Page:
Black Americans are four times as likely as whites to develop kidney failure, but they are much less likely than whites to receive a kidney transplant -- especially the most successful kind: a kidney donated by a living relative, a new report says.
Without a transplant, patients with long-term kidney failure must undergo dialysis several times a week for the rest of their lives. More than 116,000 Americans are currently receiving kidney dialysis, and about 9,000 kidney transplants are performed each year.
The report by the American Society of Transplant Physicians concludes that a combination of social, biological and economic factors accounts for the racial disparity -- particularly a shortage of black organ donors.
The report said other potential reasons include the fact that blacks are less likely than whites to have private health insurance, the fact that kidney transplants have a lower success rate in blacks than in whites, and the possibility that doctors and hospitals may be less likely to offer transplantation as an option to black patients.
Secretary of Health and Human Services Louis W. Sullivan said his department has contracted with the Rand Corp. to study the "unexplained discrepancies" in organ transplantation between blacks and whites. The department also is trying to identify better methods of educating minorities about organ donation and transplants.
"We are encouraged that in some areas of the country donation rates among minority groups are on the rise," he said. In St. Louis in 1990, for example, 16 percent of transplanted kidneys were donated by blacks, compared with 8 percent in 1989.
In 1987, about 24 percent of whites who had recently developed kidney failure received a kidney transplant, compared with 15 percent of blacks, according to government figures quoted in the report published in today's New England Journal of Medicine. The report found that blacks were also much less likely than whites to receive pancreas and liver transplants.
Blacks were only half as likely as whites to receive a kidney from a relative. Twenty-five percent of kidneys received by white patients came from a living relative, compared with about 12 percent of kidneys received by black patients. The rest of the kidneys were obtained after death from people who had agreed to be organ donors.
Kidneys separate water and waste products from the blood and excrete them as urine. Dialysis is a process that, in case of kidney failure, can eliminate impurities from the blood mechanically.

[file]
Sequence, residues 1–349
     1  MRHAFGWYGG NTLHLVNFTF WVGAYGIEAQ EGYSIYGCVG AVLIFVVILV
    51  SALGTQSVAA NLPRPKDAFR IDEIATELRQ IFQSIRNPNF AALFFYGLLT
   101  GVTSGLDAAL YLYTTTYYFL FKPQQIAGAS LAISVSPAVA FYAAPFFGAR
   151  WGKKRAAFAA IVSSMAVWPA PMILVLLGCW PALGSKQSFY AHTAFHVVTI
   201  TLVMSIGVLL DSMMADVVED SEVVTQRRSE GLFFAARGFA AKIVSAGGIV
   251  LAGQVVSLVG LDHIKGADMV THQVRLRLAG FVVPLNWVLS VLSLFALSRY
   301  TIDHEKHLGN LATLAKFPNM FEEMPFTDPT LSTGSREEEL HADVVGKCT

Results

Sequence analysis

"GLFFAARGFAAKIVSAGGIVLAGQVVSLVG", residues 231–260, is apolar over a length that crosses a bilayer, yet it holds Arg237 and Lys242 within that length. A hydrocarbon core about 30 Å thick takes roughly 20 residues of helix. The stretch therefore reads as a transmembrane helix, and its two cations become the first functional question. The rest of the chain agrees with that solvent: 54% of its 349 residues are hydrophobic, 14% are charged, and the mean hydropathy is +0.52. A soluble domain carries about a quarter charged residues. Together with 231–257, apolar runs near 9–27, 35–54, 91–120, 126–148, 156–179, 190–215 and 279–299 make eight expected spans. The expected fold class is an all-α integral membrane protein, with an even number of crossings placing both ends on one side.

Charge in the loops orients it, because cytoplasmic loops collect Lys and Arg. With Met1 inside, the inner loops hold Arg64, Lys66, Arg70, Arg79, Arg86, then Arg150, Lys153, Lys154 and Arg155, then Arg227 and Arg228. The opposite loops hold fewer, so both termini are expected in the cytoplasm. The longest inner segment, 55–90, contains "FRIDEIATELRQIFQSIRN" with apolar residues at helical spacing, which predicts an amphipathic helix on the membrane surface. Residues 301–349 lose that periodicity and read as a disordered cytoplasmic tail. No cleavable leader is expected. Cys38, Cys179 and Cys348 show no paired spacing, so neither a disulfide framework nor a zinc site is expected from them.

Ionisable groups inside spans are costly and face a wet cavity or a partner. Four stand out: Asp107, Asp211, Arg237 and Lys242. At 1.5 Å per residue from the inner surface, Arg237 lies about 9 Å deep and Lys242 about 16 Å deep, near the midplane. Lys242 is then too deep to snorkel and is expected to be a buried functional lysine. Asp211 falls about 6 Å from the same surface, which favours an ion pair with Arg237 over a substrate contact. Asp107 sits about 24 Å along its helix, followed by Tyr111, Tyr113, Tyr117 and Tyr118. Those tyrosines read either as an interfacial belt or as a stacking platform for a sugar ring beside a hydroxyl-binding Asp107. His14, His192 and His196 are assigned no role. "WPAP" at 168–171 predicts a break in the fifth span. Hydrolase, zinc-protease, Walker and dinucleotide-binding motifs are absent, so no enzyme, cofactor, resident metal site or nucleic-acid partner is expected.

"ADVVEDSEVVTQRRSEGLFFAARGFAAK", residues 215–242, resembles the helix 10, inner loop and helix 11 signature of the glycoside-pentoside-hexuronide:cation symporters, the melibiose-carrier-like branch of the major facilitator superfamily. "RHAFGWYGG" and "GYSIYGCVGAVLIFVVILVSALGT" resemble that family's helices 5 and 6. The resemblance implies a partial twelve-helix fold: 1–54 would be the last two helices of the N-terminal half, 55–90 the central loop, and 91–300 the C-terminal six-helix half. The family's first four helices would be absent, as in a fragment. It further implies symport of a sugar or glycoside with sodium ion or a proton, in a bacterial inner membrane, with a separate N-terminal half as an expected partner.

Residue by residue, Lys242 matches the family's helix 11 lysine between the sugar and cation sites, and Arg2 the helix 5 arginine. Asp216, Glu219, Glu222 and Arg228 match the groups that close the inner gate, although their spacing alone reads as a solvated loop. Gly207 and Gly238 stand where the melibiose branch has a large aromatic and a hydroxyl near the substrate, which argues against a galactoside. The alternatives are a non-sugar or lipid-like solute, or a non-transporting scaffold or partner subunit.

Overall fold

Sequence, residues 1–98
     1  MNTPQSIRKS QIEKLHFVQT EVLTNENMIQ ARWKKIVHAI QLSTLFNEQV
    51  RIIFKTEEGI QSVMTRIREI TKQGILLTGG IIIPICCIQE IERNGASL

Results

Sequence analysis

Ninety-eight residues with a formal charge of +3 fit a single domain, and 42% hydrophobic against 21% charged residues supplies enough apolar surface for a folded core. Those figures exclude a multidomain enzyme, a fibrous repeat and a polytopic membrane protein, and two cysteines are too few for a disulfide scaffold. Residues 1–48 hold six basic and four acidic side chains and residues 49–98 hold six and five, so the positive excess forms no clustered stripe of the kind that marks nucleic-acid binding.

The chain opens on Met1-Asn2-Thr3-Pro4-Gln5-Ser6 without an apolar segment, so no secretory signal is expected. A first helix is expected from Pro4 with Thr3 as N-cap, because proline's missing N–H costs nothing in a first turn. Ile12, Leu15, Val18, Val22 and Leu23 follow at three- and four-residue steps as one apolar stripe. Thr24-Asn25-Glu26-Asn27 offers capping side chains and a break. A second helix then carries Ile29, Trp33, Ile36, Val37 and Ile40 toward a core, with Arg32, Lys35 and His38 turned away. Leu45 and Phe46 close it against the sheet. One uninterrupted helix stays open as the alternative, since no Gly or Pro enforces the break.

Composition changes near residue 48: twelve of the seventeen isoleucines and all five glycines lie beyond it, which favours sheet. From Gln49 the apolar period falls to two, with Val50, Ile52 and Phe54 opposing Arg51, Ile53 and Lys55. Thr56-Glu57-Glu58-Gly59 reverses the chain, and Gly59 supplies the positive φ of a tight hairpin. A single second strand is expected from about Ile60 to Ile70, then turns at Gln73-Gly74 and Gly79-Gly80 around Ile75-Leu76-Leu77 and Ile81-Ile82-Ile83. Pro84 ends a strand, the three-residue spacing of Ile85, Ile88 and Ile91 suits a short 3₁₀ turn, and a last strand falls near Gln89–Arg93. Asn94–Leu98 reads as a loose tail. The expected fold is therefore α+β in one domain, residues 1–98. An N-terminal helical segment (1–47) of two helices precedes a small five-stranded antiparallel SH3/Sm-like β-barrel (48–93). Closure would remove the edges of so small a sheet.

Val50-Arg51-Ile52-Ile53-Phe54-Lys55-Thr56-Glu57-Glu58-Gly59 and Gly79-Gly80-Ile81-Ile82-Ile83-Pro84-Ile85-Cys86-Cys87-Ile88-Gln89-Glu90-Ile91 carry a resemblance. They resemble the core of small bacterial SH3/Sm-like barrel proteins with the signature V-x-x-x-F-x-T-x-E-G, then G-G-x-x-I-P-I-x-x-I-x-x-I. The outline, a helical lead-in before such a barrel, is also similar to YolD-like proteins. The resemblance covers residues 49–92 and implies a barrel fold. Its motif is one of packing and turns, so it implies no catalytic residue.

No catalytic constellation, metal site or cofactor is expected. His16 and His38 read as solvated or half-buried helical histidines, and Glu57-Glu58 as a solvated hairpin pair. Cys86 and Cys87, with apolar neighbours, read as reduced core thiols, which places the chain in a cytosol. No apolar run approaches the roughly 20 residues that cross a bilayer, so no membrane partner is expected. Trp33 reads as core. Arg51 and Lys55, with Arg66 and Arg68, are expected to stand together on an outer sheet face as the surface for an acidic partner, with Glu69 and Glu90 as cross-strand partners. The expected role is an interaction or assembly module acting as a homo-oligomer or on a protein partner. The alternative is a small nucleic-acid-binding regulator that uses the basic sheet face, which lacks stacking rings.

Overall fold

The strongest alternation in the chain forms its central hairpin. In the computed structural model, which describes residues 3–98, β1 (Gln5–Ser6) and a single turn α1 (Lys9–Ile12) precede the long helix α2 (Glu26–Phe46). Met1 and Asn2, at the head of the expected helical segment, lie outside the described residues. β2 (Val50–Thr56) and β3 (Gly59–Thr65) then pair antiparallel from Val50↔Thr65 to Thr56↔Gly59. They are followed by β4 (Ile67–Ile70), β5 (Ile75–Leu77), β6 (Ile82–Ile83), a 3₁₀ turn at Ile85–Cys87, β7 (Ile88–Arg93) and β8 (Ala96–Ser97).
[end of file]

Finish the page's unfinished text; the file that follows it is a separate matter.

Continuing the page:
The shortage of black kidney donors has a major impact on the care of blacks with kidney disease because people of the same race are more likely to share similar blood groups and cell-surface proteins, which are used to "match" a donated kidney with a recipient, said Bertram L. Kasiske of the University of Minnesota, the report's principal author.
How long a patient must wait for a transplant depends on whether a reasonably well-matched organ can be found. A close match also makes it less likely that the body will reject the implanted organ. A government report last year found that black patients wait almost twice as long as white patients before receiving a kidney transplant.
Because whites make up the majority of organ donors, Kasiske said, "blacks are more likely to get a kidney that is not as well matched." He added that the society's Patient Care and Education Committee, which prepared the report, "concluded that the first thing that could be done . . . would be to increase the number of blacks in the donor pool, so blacks would have a better chance of getting a kidney from another black."
Kasiske said data from transplant centers, organ donor programs and national surveys suggest that blacks are less likely than whites to agree to donate organs. The reasons are unknown, although educational and cultural differences may play a role. Since the 1970s, a number of studies also have found that the long-term success of kidney transplants is at least 10 percent lower in blacks than in whites.
Kasiske said it is not known whether the fact that blacks are more likely to receive poorly matched organs entirely explains this higher failure rate, or whether other biological factors contribute. "We don't know all the things that lead to good graft survival," he said.
The report suggested that economic and social factors may make doctors and hospitals less likely to offer transplants to black patients. For instance, the federal Medicaid program insures all patients with long-term kidney failure, but does not cover the entire cost of a kidney transplant, so doctors may be more willing to perform transplants on patients with private insurance.
It suggested that doctors also may be reluctant to perform transplants in poor black patients because they suspect them of abusing drugs or because they believe patients will not follow medical instructions.